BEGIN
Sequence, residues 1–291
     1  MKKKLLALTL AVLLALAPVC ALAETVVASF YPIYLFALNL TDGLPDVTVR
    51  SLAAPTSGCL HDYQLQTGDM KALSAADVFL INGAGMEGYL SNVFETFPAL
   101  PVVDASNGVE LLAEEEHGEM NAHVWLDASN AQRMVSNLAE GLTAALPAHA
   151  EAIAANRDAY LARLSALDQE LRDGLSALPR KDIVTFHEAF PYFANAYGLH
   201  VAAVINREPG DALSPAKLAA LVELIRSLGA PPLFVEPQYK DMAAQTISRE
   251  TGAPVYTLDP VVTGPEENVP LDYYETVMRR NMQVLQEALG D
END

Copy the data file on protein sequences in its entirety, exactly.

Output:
Sequence, residues 1–291
     1  MKKKLLALTL AVLLALAPVC ALAETVVASF YPIYLFALNL TDGLPDVTVR
    51  SLAAPTSGCL HDYQLQTGDM KALSAADVFL INGAGMEGYL SNVFETFPAL
   101  PVVDASNGVE LLAEEEHGEM NAHVWLDASN AQRMVSNLAE GLTAALPAHA
   151  EAIAANRDAY LARLSALDQE LRDGLSALPR KDIVTFHEAF PYFANAYGLH
   201  VAAVINREPG DALSPAKLAA LVELIRSLGA PPLFVEPQYK DMAAQTISRE
   251  TGAPVYTLDP VVTGPEENVP LDYYETVMRR NMQVLQEALG D